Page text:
Throughout the works of Mr. Brooks there is earnest effort to make the historic parts correct as to fact, and also as to accessories of costume, architecture, and language. There is danger, intrinsic in such undertaking, that the learning shall appear artificial and pedantic. But the author recognizes this hazard, and, while not ‘writing down’ to his young readers, provides against it. It would be difficult to find a better blending of dry events and ever-living human nature than in some of his sketches. It is their truth to history that makes the writings of Mr. Brooks respected by older readers, who, as well as the young, are at the same time attracted and held by the play of a cheerful and unwaning fancy.

Another member of the Munroe household will introduce us to our women writers, the second main division of the subject. Mrs. E. A. Bacon-Lathrop came to Somerville from Lexington in childhood. She married a Universalist minister,—Rev. Henry Bacon,—who was the first editor of the Universalist and Ladies' Repository, in 1832. On his death in 1856, his wife at once took up the editorial work that her husband laid down, and from July, 1856, until July, 1860, she ably conducted the magazine along religious lines. On the publisher's desire to render the Repository [9] of greater secular interest, Mrs. Bacon resigned her editorship, although her occasional contributions to the magazine continued. The Repository contains many examples of verse from the pen of Mrs. Bacon, and a few examples of her prose. We may perhaps best say that the Repository itself is the monument of her labors. But through life her pen was busy. As a child, she made experiments in composition. When her husband died, Mrs. Bacon published an extended ‘Memoir’ of him; also she contributed to The Rose of Sharon, an annual, in the fashion of those days, with miscellaneous contents and steel engravings. Her letters, written from abroad in 1867, are described as very entertaining. A little book, called ‘Only a Keepsake,’ privately printed during her life, contains some of her poems. Here are a few lines about April—–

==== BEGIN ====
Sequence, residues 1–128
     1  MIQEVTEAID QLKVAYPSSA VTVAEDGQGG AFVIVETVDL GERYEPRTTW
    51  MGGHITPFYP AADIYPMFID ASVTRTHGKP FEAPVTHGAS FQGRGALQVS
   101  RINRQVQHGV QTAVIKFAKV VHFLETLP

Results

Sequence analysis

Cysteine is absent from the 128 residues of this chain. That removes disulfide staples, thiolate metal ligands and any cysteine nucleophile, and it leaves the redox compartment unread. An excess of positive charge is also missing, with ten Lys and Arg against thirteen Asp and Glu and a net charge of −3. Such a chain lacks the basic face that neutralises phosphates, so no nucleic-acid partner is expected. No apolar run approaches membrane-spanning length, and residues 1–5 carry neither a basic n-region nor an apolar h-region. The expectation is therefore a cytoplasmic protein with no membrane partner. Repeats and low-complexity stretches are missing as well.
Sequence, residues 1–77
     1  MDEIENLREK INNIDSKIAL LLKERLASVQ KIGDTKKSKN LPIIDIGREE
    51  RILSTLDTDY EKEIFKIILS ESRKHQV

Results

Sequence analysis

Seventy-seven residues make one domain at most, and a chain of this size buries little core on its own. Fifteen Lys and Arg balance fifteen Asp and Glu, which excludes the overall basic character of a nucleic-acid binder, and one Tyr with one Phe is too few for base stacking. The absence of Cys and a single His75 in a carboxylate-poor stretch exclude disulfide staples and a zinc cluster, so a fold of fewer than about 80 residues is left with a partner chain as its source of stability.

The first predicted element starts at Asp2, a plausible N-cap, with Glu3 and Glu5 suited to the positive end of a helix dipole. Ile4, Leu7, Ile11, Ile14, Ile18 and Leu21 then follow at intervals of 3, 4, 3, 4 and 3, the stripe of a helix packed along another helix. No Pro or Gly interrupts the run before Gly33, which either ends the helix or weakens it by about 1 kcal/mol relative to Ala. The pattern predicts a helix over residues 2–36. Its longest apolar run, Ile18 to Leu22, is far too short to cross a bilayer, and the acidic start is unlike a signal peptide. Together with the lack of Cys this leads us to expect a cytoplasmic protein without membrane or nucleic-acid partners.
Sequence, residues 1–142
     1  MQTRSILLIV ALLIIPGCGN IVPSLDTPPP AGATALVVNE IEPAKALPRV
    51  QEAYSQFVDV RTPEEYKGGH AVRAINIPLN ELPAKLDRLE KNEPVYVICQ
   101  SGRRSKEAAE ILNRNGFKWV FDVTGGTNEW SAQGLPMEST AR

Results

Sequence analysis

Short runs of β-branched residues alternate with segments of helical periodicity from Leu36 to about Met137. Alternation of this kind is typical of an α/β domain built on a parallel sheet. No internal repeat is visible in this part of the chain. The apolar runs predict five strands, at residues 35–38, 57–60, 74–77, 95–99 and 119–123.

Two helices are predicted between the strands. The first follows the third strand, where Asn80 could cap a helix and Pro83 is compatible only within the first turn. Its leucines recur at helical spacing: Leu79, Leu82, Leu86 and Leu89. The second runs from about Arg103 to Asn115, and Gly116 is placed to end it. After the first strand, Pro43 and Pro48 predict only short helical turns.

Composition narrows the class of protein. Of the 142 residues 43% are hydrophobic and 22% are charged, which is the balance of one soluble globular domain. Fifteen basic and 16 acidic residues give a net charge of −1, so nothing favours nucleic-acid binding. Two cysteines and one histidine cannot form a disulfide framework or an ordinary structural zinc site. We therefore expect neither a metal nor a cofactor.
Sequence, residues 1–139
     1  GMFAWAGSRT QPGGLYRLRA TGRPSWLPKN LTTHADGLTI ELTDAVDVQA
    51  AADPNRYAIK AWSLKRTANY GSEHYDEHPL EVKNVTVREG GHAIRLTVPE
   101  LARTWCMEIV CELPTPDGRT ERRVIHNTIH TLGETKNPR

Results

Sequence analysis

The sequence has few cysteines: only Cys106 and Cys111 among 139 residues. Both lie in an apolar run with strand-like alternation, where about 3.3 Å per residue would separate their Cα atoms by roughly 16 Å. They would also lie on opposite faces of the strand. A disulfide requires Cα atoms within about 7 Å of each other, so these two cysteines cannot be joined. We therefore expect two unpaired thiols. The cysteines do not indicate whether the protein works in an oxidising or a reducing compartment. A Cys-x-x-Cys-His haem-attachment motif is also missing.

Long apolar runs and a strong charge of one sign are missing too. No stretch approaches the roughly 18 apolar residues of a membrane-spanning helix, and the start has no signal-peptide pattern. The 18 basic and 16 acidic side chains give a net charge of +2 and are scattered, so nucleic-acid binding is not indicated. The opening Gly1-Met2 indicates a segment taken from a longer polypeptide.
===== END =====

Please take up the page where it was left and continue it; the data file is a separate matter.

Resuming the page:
Life! life! 't is singing in the rills
     And piping in the meadows,
Tis bursting from the gray old trees
     That cast their ghostly shadows.
The rose's stem is flushed with red,
     With green is streaked the willow,
And green the little grasses shoot
     Where lay the snowy pillow.

And here are a few on a more intimate subject-her son, going to the war—

He stands before me tall and fair,
The sunlight dancing on his hair,
His stalwart arm to me he shows,
His broad breast heaves with manly throes.

Was it for this I gladdened so
To see him up from boyhood grow?
For this I read him many a tale
Of brave old warriors clad in mail?

This son, Henry, was wounded in the second battle of Bull Run, and, being discharged from the army, devoted himself to art abroad. [10]

Mrs. Bacon was married to Rev. Thomas L. Lathrop, a Unitarian minister, in 1862. She died April 7, 1900, shortly after the death of her second husband. Those who knew her say that she was a gentlewoman of the old school, in the best sense of the term. A small oil painting by her son Henry shows her with refined and gentle face, her dark hair crowned with a small cap, sitting with hands quietly folded, as if in a habitual attitude of reverie.

[To be continued.]